Generally, Indie games are like gamer tshirts that players across the globe have been highly interested into. With its crazy features and benefits, it is no doubt that it is one of the best types of games across the industry. Arguably the runaway success of Cut The Rope and Angry Birds should do much to convince your average consumer of the power of an independently developed game. The aforementioned titles cost a paltry dollar compared to casual gaming giant Popcap’s popular titles, but they preserve a charm all of their own. Cut The Rope succeeded where few titles have gone with its initial launch, garnering a million downloads over the course of ten days. We’re talking a small tiny little title with decent marketing sure, but taking up a fraction of the processing power of the device. Gameplay sells though, and Cut The Rope certainly shows that. Angry Birds has established a brand for developer Rovio, being referenced casually on talk shows, radio, by musicians and celebrities, and so much more. Angry Birds remains the top selling app on the store in fact, having sold millions of copies.

Indie developers have a broader selection to distribute their works in these days, and reaping the benefits of that work quite gladly. Microsoft provides an interface for developers to publish their works on Xbox Live, the same going for competitors Nintendo and Sony. There may be a deluge of shovelware, but there are the few gems that make themselves known loudly and clearly. We see ably how placing the tools to implement a product for the little guy ultimately can lead to resounding success. The indie scene is flourishing now of course, no longer is it some foregone dream to think of developing your own quality game. You can polish it up as you see fit, and you can sell it wherever you want, provided you’re paying whatever nominal fees you want to pay. This can be as simple as purchasing a developer’s account through Microsoft to submitting your game for review through Apple’s interface.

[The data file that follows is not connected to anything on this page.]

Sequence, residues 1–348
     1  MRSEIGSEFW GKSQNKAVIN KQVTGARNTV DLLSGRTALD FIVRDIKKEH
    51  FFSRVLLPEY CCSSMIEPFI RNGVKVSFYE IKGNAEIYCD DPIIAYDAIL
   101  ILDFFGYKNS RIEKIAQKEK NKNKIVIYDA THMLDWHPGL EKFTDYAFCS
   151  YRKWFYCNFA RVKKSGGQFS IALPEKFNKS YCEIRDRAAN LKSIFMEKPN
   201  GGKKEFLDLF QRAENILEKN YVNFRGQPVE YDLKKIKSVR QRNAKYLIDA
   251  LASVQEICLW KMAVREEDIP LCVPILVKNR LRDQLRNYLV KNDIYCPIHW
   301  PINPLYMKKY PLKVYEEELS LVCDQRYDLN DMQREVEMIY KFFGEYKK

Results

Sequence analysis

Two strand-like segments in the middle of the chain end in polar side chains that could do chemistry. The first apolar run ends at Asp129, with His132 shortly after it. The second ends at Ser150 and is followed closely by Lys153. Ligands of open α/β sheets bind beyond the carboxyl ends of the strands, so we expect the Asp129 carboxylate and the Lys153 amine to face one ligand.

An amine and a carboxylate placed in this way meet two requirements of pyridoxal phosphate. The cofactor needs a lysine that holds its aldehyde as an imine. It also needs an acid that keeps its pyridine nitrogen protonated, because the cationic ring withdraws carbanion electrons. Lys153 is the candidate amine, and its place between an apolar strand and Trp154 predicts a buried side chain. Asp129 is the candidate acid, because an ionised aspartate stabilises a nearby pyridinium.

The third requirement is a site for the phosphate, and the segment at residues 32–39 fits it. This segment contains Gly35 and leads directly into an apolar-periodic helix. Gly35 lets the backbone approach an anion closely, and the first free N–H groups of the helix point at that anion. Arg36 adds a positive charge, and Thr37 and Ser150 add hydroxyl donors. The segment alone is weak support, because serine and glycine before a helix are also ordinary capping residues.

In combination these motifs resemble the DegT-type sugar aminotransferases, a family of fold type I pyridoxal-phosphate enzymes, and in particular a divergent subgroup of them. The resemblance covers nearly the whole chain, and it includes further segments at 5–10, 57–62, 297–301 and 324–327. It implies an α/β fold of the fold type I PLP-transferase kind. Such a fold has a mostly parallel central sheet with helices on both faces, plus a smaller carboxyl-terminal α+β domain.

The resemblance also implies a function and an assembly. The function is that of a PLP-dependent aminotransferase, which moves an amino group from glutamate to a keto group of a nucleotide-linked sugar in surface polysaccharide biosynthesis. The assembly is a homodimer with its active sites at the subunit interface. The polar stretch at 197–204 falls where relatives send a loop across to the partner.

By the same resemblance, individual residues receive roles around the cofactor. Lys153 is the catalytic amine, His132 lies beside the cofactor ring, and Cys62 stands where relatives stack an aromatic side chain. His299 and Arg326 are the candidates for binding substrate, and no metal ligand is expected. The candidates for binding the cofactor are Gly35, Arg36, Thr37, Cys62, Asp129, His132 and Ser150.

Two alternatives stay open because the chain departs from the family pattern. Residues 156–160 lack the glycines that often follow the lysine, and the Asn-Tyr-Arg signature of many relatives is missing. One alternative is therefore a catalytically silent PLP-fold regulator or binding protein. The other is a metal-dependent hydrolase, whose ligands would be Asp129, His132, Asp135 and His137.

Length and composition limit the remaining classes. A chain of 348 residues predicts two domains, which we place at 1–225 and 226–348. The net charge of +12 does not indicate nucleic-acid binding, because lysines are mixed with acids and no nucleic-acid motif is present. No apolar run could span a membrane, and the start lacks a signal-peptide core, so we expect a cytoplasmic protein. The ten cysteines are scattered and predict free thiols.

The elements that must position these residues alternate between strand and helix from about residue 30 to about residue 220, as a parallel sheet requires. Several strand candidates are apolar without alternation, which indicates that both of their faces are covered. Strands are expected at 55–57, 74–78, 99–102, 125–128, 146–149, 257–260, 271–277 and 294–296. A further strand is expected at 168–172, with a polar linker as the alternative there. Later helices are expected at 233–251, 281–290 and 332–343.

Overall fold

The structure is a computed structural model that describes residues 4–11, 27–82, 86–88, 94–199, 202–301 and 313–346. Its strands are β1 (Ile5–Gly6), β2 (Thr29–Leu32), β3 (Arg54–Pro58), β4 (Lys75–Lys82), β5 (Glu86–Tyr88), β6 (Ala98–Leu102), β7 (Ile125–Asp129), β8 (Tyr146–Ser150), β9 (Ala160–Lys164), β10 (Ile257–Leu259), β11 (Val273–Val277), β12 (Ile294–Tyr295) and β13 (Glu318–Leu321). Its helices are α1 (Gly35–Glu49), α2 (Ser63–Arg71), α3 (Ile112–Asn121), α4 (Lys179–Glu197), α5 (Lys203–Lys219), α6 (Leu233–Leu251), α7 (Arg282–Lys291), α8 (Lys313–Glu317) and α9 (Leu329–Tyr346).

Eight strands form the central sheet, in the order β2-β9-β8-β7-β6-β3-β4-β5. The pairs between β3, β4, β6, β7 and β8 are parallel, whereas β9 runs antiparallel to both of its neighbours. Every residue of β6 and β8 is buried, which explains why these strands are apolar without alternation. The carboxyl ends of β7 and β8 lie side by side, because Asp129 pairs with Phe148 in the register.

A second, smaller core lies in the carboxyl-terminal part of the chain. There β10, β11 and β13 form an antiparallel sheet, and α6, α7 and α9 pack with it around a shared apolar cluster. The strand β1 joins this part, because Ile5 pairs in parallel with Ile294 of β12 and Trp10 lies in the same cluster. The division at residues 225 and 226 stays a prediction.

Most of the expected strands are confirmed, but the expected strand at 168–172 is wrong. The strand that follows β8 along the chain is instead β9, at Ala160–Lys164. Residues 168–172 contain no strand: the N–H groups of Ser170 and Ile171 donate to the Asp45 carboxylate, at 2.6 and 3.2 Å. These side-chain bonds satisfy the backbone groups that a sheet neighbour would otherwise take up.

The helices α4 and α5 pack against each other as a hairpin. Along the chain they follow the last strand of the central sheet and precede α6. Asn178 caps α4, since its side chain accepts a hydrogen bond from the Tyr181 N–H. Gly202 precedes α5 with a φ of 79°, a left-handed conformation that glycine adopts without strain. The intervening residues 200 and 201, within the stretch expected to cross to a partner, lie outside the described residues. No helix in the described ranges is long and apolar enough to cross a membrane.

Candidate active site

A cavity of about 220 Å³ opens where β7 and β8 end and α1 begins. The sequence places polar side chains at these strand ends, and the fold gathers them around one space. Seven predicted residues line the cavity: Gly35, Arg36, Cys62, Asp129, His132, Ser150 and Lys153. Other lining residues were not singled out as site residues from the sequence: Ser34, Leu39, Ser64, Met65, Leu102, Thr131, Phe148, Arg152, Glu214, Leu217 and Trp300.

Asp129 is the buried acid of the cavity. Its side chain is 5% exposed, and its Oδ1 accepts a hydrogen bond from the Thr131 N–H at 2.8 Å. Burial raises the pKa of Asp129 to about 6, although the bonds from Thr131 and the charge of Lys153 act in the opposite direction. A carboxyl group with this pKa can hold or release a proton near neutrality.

So while the RPGs may seem a bit too focused on, you have to realize exactly the sort of work that goes into creating your typical Final Fantasy game. The gaming crew is composed of over a hundred members for any given team at Square-Enix, and they may work anywhere between one to three years preparing a game for release. Compare that to the team of five who work frantically at a few hours a day and creating something of comparable playability. It doesn’t stack up quite fairly, but it never will.

What Does The Future Hold?

Both indie and commercial games have their unique places in the market. Provided there are systems in place, it’ll continue to be this way. The future of indie gaming is much like any other aspect of the gaming industry, and will quite literally progress as it wants due to the lack of executive control over the smaller studios. This means less deadlines, less concessions made to the suits, and overall more things where a die-hard gamer can get a truly great experience for a mere pittance.